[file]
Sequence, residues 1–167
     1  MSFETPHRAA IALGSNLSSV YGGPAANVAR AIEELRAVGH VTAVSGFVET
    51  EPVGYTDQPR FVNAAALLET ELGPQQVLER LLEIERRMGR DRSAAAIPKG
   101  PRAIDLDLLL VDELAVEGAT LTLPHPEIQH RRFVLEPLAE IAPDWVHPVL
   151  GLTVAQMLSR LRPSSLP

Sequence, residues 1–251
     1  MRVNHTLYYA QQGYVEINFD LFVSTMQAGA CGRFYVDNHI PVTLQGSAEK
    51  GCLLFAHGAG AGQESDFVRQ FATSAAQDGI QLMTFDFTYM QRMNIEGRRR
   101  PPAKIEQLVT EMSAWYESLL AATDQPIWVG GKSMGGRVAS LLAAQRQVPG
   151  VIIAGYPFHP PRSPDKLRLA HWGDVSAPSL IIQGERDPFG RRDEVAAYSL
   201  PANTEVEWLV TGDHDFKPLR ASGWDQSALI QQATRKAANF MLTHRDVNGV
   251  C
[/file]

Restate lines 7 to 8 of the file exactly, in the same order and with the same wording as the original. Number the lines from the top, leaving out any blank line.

     1  MRVNHTLYYA QQGYVEINFD LFVSTMQAGA CGRFYVDNHI PVTLQGSAEK
    51  GCLLFAHGAG AGQESDFVRQ FATSAAQDGI QLMTFDFTYM QRMNIEGRRR